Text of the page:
I’ve been making a particular discernment these past months about my next steps as a Jesuit. It’s been draining. Draining, but good. Long days of interviews, reports, conversations, clarifications, prayer, more reports, more conversations, more clarifications, prayer, prayer, prayer. It’s left me worn and weary and I need some healing. I’m looking for light. Light sometimes comes from dramatic change, but more often for me, it comes from something that’s already there and available. A good talk with an old friend, a revisitation of old journals and letters, rereading a good book, even a favorite bar or restaurant I haven’t been to in a while. And so, I just continue living my life, hoping that the familiar finds me again.
And, something familiar has found me – music.
I started with piano in elementary school, and in 5th grade, picked up a trumpet for the first time. (Within a year, I earned the nickname “Hot Lips,” which was incredibly embarrassing). In 7th grade, I convinced my parents to let me buy a low-quality Percussion Plus drum kit, glossy black with Camber cymbals. Honing a bad habit of drawing skull-and-crossbones on my forearms, I needed only promise my mother I’d never get a tattoo. I lied. For the music.
I played trumpet and drums in high school – concert, jazz, and marching bands. Total nerd about it. I played in two or three garage bands. I felt like a rockstar at times, power-punk glory wrapped in a standard alterna-teen wardrobe of patch-ridden hoodies, cut-off pants, and bright Chuck Taylors. I played jazz all through college. Now, I sing in two choirs. And, a group of us Jesuits get together for frequent folk-music sing-a-longs. My best nights out include singing Montell Jordan’s “This is How We Do It” at a karaoke bar.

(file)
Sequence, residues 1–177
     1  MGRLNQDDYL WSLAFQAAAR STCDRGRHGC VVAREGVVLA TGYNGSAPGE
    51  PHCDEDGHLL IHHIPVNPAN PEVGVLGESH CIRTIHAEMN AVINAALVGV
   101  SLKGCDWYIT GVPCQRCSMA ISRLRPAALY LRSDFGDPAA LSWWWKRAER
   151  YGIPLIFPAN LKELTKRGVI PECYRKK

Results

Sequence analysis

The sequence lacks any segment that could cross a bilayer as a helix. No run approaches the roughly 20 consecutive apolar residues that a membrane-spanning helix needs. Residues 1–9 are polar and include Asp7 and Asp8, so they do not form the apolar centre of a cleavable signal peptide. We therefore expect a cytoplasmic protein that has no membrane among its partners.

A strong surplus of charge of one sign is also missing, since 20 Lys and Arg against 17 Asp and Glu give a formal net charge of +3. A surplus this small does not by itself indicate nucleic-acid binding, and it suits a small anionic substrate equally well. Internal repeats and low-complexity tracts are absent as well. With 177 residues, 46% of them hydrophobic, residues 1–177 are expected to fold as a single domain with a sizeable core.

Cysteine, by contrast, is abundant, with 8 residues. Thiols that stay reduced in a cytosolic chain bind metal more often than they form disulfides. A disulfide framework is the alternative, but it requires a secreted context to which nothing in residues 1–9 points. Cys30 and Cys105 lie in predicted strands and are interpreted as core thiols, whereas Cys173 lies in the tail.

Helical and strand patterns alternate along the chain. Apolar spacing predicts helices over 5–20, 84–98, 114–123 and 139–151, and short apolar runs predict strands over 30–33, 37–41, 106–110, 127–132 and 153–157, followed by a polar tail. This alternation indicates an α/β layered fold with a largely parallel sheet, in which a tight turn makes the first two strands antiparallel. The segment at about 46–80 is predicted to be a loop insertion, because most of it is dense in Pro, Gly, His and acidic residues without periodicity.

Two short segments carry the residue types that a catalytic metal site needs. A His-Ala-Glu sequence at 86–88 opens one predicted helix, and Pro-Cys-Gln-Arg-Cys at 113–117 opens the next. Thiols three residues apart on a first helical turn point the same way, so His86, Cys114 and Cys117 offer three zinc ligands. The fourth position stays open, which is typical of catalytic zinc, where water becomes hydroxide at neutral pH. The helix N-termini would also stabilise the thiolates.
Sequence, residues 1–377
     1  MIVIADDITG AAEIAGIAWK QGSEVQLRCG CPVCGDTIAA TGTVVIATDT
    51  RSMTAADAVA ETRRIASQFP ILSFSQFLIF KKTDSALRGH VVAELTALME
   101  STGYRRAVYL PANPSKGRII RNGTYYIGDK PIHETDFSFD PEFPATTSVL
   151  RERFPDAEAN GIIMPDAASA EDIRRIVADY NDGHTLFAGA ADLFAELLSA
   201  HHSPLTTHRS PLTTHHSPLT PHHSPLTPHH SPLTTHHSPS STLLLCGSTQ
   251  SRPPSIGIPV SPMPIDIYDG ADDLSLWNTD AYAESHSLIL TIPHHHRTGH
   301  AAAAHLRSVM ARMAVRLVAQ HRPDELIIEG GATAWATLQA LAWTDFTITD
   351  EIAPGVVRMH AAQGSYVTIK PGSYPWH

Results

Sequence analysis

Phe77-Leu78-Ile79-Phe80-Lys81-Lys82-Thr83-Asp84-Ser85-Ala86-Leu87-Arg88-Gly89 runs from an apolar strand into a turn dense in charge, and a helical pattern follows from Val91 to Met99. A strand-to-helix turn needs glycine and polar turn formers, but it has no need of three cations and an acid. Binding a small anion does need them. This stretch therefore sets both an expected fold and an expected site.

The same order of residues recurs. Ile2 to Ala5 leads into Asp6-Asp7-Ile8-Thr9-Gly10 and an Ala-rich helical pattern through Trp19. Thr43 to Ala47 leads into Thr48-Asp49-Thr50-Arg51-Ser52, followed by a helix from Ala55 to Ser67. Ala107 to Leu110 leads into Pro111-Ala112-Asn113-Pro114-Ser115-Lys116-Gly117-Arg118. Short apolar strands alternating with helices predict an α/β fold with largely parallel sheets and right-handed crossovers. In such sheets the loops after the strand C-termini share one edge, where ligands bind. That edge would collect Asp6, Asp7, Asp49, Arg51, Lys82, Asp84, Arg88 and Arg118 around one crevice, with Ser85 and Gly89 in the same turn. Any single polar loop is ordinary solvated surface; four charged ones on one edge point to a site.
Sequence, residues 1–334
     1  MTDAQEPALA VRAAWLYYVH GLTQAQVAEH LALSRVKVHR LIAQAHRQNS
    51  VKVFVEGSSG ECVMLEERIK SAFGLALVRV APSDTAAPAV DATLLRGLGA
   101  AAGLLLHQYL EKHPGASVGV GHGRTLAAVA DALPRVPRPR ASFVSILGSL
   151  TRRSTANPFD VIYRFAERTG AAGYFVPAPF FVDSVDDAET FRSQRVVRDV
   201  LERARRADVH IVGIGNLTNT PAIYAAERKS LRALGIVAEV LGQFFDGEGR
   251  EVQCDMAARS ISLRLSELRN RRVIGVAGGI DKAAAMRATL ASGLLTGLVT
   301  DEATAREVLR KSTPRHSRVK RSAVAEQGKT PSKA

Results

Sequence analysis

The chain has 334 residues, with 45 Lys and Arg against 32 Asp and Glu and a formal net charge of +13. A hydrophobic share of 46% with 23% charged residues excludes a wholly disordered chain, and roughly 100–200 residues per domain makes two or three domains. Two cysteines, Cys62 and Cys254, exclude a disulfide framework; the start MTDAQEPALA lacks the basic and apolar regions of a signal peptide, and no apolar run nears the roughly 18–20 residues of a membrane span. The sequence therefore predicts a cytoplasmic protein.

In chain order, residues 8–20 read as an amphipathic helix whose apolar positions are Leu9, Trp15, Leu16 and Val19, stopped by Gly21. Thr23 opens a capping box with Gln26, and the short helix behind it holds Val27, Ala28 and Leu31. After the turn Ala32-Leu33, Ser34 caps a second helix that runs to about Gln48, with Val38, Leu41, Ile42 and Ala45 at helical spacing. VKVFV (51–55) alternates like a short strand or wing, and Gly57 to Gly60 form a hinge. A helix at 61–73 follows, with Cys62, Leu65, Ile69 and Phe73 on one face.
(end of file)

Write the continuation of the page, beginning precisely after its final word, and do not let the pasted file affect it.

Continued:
If I were to describe myself, I’d say that I’m an adopted son with a loving family, that I’ve been in love, and that I’m a Jesuit. I almost never think of myself as a musician. But my life is full of music.
A friend of mine hosted a wine party a few Saturdays ago. Everyone invited was charged with the task of bringing a bottle and presenting it with a story. In offering a jug of Carlo Rossi Sangria, a Jesuit brother and I performed an original song about the wine’s namesake. By the end, everyone was singing the refrain. “Growing up with Carlo by our side…” Glasses raised, good friends surrounding, a little light began to shimmer.
The next day, I went to a performance of collegiate women’s choral groups, and while the Loyola choir performed, I closed my overflowing eyes and let their song wash over me: “I thank the Lord for making me His child.” And then the combined choirs, 160 women strong, belted, “Lord, when I pray, teach me words to say.”
That night in choir at the evening Mass on campus, I got lost in the repetition of the communion refrain, “Take, oh take me as I am; summon out what I shall be. Set your seal upon my heart and live in me.”
And then, during a rehearsal that I thought about skipping the following day, the University choir I sing in came together with these words: “But music and singing have been my refuge, and music and singing shall be my light.”
I was lifted these days by soaring harmonies, moving lyrics, reminders of the divine. I found the footing I need to heal through music that was already there. In the face of my struggle and in my musicianship, it seems that prayer found me. I only had to listen and, when my part came, use my voice.
I almost always have a song in my head, and when I think no one is around, I sing it. Unfortunately, Jesuit communities have thin walls.
I was in the elevator, heading down for coffee during a mind-numbing philosopher’s morning. Some riff bubbled up, and I started wailing away. As the elevator neared the end of its decent, I hushed my voice, knowing that someone was likely waiting at the bottom. The doors opened and one of my older Jesuit brothers beamed at me from the hallway. “It could only be you,” he said.
I am involved in music, and because I am involved in music, I have an outlet for healing. Forgetting that is to deny myself something beautiful that can make me whole again. Poet Elizabeth Bishop says, “I am in need of music…some song sung to rest the tired…” The drain of challenging moments and the search for light in my life can sometimes end in sound. When I remember who I am, or when someone reminds me, I recognize my own melody.